Navigation Links
Breast-Milk Compound May Shield Babies From HIV
Date:8/17/2012

FRIDAY, Aug. 17 (HealthDay News) -- A compound found in breast milk may help prevent HIV-infected mothers from passing the virus on to their infants, a new study suggests.

"In developing countries, HIV-infected mothers are faced with the decision of whether or not to breast-feed their babies," study leader Lars Bode, an assistant professor of pediatrics at the University of California, San Diego, School of Medicine, said in a school news release. "Breast-feeding exposes the baby to the virus and increases the risk of the baby dying from HIV infection, but not breast-feeding increases the risk for the baby to die from other intestinal or respiratory infections."

Bode and his colleagues set out to find out why the vast majority of breast-fed infants -- estimated by the study authors to be between 85 percent and 90 percent -- don't acquire the AIDS-causing virus.

The team of international researchers said certain components in breast milk known as human milk oligosaccharides (HMO) may offer babies protection from HIV. HMO is a type of carbohydrate made up of several simple sugars that aren't digestible. They accumulate on the surfaces of infants' gastrointestinal tract, the researchers said.

The scientists analyzed HMO levels and composition in the breast milk of more than 200 HIV-positive women involved in a study in Zambia, Africa. The women's infants were followed from birth until they were 24 months old.

The study found that higher concentrations of HMO in breast milk were associated with greater protection against the spread of HIV to babies.

"HMO act as prebiotics that promote the growth of desirable bacterial communities in the infant's intestine," Bode said. They also are involved in immune cell responses and serve as decoys, preventing pathogens from binding to cells, he said.

The study uncovered a link between HMO levels and the risk of HIV infection, but did not prove that the compound blocks the virus.

The researchers suggested that more research on HMO might lead to better protection against HIV, and possibly the development of improved antiretroviral drugs.

The study was published in the Aug. 15 online edition of the American Journal of Clinical Nutrition.

More information

The U.S. Department of Health and Human Services provides more information on the benefits of breast-feeding.

-- Mary Elizabeth Dallas

SOURCE: University of California, San Diego, news release, Aug. 15, 2012


'/>"/>
Copyright©2012 ScoutNews,LLC.
All rights reserved

Related medicine news :

1. Natural Sciences Repository Publishes Chromatography and Acidic Compounds Resources
2. Could Compound in Artificial Sweeteners Worsen Crohns Disease?
3. Biosynthetic grape-derived compound prevents progression of Alzheimers disease in mice
4. Novel compound demonstrates anti-leukemic effect in zebrafish, shows promise for human treatment
5. Red wine, fruit compound could help block fat cell formation
6. Exercise Can Shield the Aging Brain, Studies Show
7. Simple Steps Can Shield Children From Dog Bites
8. Spectrum Surgical Offers Face Shield Visor for Decontamination
9. Having a Purpose in Life May Help Shield You From Dementia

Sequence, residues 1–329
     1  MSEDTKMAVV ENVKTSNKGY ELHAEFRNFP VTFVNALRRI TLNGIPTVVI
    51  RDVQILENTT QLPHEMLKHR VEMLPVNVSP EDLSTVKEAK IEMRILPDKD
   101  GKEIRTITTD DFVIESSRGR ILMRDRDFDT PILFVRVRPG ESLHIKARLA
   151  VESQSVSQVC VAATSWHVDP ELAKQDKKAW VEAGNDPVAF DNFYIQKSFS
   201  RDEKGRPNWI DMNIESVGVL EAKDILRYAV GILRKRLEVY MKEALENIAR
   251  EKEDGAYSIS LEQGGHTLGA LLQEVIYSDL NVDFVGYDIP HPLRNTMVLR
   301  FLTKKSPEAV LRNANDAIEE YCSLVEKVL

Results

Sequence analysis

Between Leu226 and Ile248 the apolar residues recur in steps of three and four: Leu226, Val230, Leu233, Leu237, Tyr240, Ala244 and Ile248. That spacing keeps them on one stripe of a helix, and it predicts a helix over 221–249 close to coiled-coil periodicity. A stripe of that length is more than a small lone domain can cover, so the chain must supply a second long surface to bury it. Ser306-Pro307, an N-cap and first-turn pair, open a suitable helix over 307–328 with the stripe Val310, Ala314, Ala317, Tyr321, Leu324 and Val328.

10. Strawberry birthmarks grow rapidly when babies just weeks old, Mayo Clinic finds
11. Protective bacteria in the infant gut have resourceful way of helping babies break down breast milk
Post Your Comments:
*Name:
*Comment:
*Email:
(Date:3/24/2017)... ... March 24, 2017 , ... “Finding Christ Through Social Media: ... journal chronicling the writer’s path toward true communion with God. “Finding Christ Through ... is the creation of published author Lea Michelle Johnson, a follower of Christ, ...
(Date:3/24/2017)... (PRWEB) , ... March 24, 2017 , ... ... collection of inspiring stories about real people of God in congregations across the ... John Miller, a Presbyterian minister ordained in 1964 who has served congregations in ...
(Date:3/23/2017)... ... 2017 , ... A recent report from the National Council on Teacher Quality ... report suggests, based on a review of GPA and SAT/ACT requirements at 221 institutions ... U.S. It argues that this higher bar should be set by states, by the ...
(Date:3/23/2017)... New Braunfels, TX (PRWEB) , ... March 23, 2017 , ... ... a new clinic, located at 960 Gruene Road in Building 2. The clinic is ... co-owner Dr. Andrew Bennett, PT, says opening the company’s second New Braunfels location brings ...
(Date:3/23/2017)... ... 23, 2017 , ... The MBI “Hall of Fame” recognizes the contributions of those whose careers ... impact on the careers of all others involved. , On Monday, March 21st, ... MBI’s Hall of Fame. The induction took place during the World of Modular – ...
Breaking Medicine News(10 mins):
(Date:3/24/2017)... , Mar. 24, 2017 Research and Markets has ... Analysis, 2016" report to their offering. ... The IPF pipeline is very strong with a total ... & Co., Inc., Biogen and Sanofi are involved in the development of ... which one is in Phase III stage, 15 are in Phase II ...
(Date:3/24/2017)... YORK , March 24, 2017 ... and Equipment stocks, which are: Neovasc Inc. (NASDAQ: NVCN), Hologic ... Heart Inc. (NASDAQ: SSH ). These companies are ... its prior gains on Thursday, March 23 rd , 2017, ... afternoon, while shares of health care companies in the S&P ...
(Date:3/24/2017)... surveys with 9,250 insured consumers fielded from February 2015 ... help from their plans in five key areas: 1) ... help closing gaps in care, 3) better digital connections, ... real-time guidance. Meeting these needs is essential to promoting ... A Reason to Stay Engaged in Health ...
Breaking Medicine Technology: